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1 year ago

Huh. I hadn’t realized you were watching this.

On balance I think this is a worthwhile watch, as long as, like you point out, you’re okay with the heavier themes and the gritty presentation–the first case in the first episode is a fairly gruesome (in the details, even if not all of the details are shown, just described) juvenile murder case.

I do think that the melodrama got a bit much in spots, especially in the final arc, dealing with Kim Hye-soo’s character background.

There’s simply no way she should have been working that case, especially after it came to light her connection to the case; she shouldn’t have been allowed within a thousand miles of anything to do with it. And her personal investigation of the juvenile crime ring near the end was just way over the top.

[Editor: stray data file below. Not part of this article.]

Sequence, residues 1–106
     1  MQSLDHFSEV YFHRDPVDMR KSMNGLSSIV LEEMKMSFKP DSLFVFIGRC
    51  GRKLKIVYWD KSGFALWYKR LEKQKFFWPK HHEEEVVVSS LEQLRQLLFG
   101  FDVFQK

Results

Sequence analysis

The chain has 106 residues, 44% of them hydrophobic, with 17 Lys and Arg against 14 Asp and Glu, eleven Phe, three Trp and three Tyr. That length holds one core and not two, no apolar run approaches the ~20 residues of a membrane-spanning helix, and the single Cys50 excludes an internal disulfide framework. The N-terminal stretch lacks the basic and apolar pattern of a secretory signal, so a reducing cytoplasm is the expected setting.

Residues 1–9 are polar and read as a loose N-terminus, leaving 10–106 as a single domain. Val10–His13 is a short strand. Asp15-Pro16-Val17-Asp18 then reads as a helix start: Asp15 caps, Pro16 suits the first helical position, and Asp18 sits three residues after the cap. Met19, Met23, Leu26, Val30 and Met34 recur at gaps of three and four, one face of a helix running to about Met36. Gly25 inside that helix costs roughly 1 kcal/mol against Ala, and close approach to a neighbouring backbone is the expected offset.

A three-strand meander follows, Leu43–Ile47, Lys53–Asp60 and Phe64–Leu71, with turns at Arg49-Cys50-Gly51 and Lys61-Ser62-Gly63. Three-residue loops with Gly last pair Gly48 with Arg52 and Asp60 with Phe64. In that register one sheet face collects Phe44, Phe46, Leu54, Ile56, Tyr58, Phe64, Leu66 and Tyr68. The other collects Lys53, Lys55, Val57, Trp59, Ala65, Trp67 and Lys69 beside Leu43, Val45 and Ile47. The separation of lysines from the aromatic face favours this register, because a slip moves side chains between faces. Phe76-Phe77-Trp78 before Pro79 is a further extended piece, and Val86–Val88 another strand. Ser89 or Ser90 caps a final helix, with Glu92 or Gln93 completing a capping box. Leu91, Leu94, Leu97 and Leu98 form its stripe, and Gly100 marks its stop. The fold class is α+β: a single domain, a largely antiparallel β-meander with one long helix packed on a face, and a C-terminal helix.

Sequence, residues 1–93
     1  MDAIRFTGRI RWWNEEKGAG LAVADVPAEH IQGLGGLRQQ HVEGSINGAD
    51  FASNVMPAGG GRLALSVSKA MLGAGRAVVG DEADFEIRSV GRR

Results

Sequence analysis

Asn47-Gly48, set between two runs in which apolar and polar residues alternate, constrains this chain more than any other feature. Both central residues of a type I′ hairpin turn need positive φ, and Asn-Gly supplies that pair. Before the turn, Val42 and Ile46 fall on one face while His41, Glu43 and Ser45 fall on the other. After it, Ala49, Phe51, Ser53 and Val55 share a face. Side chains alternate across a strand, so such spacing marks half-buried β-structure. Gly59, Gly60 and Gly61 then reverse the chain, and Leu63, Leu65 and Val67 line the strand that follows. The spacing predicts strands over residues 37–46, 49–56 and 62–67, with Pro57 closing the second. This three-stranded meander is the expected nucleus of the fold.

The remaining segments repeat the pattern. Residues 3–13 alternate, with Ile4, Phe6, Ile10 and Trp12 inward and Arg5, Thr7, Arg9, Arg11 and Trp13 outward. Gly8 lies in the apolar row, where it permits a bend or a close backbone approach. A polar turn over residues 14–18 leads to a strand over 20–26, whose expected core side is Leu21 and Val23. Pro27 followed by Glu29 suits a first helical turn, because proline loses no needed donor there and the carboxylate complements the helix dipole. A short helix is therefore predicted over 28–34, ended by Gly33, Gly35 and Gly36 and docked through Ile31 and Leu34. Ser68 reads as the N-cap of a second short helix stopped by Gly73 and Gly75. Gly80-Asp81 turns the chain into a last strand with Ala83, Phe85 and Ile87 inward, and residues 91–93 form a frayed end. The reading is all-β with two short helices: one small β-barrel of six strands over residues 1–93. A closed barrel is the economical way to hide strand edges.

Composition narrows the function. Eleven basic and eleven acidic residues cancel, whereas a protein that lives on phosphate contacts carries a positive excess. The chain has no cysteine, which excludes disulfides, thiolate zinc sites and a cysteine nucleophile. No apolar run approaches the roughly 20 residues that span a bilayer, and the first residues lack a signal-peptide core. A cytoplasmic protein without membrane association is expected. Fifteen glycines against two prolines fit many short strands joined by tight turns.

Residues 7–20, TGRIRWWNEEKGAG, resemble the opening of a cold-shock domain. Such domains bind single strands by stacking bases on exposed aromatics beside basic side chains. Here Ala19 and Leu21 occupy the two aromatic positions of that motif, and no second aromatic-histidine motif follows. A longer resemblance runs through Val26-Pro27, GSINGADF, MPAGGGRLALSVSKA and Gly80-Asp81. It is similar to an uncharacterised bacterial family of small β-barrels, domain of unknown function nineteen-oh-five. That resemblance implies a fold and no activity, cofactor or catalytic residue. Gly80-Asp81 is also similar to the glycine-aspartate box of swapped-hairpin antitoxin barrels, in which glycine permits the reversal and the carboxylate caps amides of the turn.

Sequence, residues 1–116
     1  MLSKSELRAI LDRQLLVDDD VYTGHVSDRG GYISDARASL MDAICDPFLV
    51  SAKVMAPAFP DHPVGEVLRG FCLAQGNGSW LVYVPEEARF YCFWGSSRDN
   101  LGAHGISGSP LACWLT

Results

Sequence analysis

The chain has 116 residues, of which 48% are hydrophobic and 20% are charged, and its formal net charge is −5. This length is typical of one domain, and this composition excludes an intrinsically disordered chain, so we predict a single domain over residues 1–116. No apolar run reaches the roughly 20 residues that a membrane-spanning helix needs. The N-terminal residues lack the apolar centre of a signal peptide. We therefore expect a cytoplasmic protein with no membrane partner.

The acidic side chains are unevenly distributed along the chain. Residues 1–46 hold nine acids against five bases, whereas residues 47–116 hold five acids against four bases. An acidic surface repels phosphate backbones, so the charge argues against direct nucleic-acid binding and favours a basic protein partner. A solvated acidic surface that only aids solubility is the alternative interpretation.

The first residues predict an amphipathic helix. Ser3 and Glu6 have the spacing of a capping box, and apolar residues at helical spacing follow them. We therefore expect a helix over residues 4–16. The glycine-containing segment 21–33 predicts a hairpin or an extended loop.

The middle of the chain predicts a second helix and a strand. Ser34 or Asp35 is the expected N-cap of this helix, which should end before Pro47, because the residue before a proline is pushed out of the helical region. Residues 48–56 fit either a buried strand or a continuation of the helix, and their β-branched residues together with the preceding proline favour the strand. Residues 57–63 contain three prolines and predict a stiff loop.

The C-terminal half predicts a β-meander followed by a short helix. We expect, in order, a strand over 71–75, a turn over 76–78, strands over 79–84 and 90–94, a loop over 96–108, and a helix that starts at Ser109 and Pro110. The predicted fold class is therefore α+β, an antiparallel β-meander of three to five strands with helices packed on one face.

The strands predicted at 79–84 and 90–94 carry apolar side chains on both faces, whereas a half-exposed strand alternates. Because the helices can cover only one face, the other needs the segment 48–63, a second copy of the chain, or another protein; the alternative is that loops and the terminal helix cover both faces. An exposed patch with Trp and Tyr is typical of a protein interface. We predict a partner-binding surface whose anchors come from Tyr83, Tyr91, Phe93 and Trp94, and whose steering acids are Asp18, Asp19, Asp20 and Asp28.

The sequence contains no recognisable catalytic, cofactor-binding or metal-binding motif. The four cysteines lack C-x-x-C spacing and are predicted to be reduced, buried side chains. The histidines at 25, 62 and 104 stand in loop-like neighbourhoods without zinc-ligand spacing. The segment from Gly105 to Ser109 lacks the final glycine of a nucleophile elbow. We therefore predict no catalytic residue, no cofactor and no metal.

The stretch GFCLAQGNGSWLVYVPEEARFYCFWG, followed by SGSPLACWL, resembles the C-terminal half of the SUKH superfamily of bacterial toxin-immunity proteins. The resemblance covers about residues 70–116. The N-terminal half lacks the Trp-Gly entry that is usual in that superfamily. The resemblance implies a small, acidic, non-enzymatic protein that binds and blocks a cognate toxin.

It’s interesting…Kim Hye-soo is the only one of this year’s Baeksang Arts nominees for best actress (for this show) that I would have been disappointed with her winning; it’s not because she didn’t give the standard intense, charismatic Kim Hye-soo performance. It’s that she did, and I feel like we’ve seen it many times before…I wanted one of the other four, less-experienced, less-rewarded actresses, all of whose performances I loved, to get a shot.

Also interesting (to me, at least), I had just seen Eungyo not long before seeing this, a movie in which Kim Mu-yeol played a significant role, and yeah, whew, that was a very very different role than his Judge Cha here…

Last edited 1 year ago by kfangurl
1 year ago
Reply to  kfangurl